[erlang-questions] Adoption of perl/javascript-style regexp syntax

Bengt Kleberg bengt.kleberg@REDACTED
Wed Jun 3 12:48:07 CEST 2009


I think that the reason not to use the widespread, standard and compact
way to represent regular expression, is that it is really difficult to
keep track of the escapes (\) and to compose them (sub expressions).


On Wed, 2009-06-03 at 11:35 +0200, Vlad Dumitrescu wrote:
> Hi,
> On Tue, Jun 2, 2009 at 23:54, Richard O'Keefe <ok@REDACTED> wrote:
> > On 2 Jun 2009, at 7:08 pm, Vlad Dumitrescu wrote:
> >> As a programmer I like this way of handling this kind of issues
> >> because it works now and it's easy.
> >> As developer of a source handling tool I can't help but cringe at the
> >> prospect of getting requests to support all kinds of homegrown
> >> syntaxes...
> >
> > You mean like regular expression syntaxes?
> > I've lost count of the number of different variations of
> > regular expression syntax I've seen in UNIX.
> > The point of the wee tool I mentioned of course was to provide
> > *non*-syntax.
> No, what i mean is syntaxes for allowing people to mark some strings
> as regular expressions so that a tool can process them and add
> backslashes or whatever. A source file containing such a marker would
> no longer be an Erlang source file, and it can't be handled by Erlang
> tools anymore.
> >> Another problem with external processing of the source files is that
> >> it is at the same level as the preprocessor,
> > Well, no, it understands far less of Erlang syntax than the
> > Erlang preprocessor does, and operates way before it.
> Even worse, then. I was being nice.
> > But *any* program that computes source code by *any* means can
> > be called a "preprocessor".  I have a Smalltalk-to-C compiler.
> > You could call that a preprocessor if you like.  I don't think
> > the word itself helps our understanding very much.
> It can be called that, but nobody did so and I'm not sure what that
> has to do with the current issue.
> > We have Lisp-Flavoured Erlang.  If you want preprocessing that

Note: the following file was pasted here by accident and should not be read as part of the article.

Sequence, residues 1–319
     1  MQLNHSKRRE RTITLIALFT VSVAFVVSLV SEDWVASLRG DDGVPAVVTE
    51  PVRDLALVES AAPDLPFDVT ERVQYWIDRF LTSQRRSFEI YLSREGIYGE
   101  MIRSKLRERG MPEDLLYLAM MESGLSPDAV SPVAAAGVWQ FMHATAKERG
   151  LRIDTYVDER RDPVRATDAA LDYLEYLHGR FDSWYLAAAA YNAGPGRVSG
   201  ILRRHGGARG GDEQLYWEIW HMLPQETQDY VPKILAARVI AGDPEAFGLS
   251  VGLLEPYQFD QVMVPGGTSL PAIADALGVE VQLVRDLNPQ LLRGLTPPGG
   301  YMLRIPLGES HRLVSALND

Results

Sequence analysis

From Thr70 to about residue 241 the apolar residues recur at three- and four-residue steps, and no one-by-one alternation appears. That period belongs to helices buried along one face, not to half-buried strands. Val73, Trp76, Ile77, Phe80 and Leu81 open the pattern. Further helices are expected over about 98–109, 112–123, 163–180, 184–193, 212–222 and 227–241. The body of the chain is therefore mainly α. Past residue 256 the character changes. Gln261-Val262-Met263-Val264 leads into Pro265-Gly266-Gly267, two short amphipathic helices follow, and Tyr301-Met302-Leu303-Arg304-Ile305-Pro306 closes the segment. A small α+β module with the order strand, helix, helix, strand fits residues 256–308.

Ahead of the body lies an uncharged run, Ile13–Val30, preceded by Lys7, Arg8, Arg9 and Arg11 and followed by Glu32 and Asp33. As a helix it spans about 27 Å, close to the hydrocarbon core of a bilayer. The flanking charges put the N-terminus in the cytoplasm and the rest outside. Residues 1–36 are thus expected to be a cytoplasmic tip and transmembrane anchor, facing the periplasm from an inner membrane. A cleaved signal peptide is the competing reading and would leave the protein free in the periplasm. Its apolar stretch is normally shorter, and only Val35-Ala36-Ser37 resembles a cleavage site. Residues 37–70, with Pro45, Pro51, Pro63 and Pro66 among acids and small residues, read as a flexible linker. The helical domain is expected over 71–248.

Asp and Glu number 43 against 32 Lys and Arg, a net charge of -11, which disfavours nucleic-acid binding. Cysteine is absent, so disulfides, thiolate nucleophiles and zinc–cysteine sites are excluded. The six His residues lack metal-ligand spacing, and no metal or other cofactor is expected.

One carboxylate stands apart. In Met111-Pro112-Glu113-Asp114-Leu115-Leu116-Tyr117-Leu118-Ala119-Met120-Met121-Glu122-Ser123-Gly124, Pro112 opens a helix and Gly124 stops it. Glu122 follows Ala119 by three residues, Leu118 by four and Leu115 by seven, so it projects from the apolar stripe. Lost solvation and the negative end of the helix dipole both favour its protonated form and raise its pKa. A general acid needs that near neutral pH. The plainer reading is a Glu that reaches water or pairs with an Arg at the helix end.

> > can "intelligently" deal with Erlang source code, LFE is _it_.
> LFE can intelligently preprocess LFE source code which is quite
> different than Erlang source code. How does it help me handle a
> vanilla Erlang module in erlide or emacs?
> > There is of course a much better way to deal with regular
> > expressions in a language like Lisp or Erlang.  One of my pet
> > slogans is "STRINGS ARE WRONG".
> I suppose that you mean something like "embedded strings in a language
> are wrong when representing anything else than plain text". And I
> couldn't agree more, they are evil - strings that represent for
> example a regexp should be a different data type than a text message
> string.
> > The way to represent something
> > like "^[[:alpha:]_][[:alnum:]_]*:[[:space:]]" is
> >        rex:seq([rex:bol(),rex:id(),rex:space()])
> > where regular expression syntax is replaced by Erlang syntax.
> > This is so much more powerful than fancy quoting schemes for
> > strings that it just isn't funny: you can compute any subexpression
> > at any time you find useful _without_ new syntax, and without any
> > run-time parsing.
> [I am sure you already know all of the following, Richard, but from
> your answer above you might have forgot it in the spur of the moment]
> The same could be said about writing Erlang or C or Java parse trees
> directly instead of letting the parser build them for us from a
> string. Yet we don't do that because the textual representation has
> some advantages: it's easier to read, it is higher level, it's easier
> to modify and we're not bound to a specific internal representation.
> The whole point with a parser is that the resulting AST is equivalent
> to the input string. If the textual representation has restrictions on
> what it can express, then it is so because the designer deemed it best
> so (or it's a bug, but we can ignore that here). Bypassing that and
> going directly to the parse tree might open a whole new can of worms.
> For embedded languages that are more complicated than regexps or xml,
> it might also be practically impossible to get it right manually.
> Regexps are (as you say) a structured datatype. Nobody disagrees. But
> we have a widespread, standard and compact way to represent them. Why
> wouldn't we want to use that instead of Erlang terms? Given a compiler
> that understands this, the following examples will generate exactly
> the same code:
>     identifier() -> {seq,{cset,letters()},{star,{cset,continuers()}}}.
>     identifier() -> "{letters}{continuers}*".
> I know which one I find easier to read and understand.
> Regarding your security concerns about cross-scripting, I don't think
> they are 100% relevant in this discussion. Those problems appear when
> one takes a string from the external world and "pastes" it mindlessly
> inside a program that is then executed. We are talking here about
> being able to let a string (the erlang source file) be tokenized and
> parsed by several scanners and parsers. There is no part in this
> string that is injected from the outside so that the programmer's
> intentions can be abused.
> All in all, regular expressions are just a particular case of embedded
> language. If there is to be any change to the Erlang syntax, I
> wouldn't want it tailored to a specific language. For example, I want
> to be able to embed Erlang code inside Erlang, which would allow
> macros like LFE has and other goodies.
> best regards,
> Vlad
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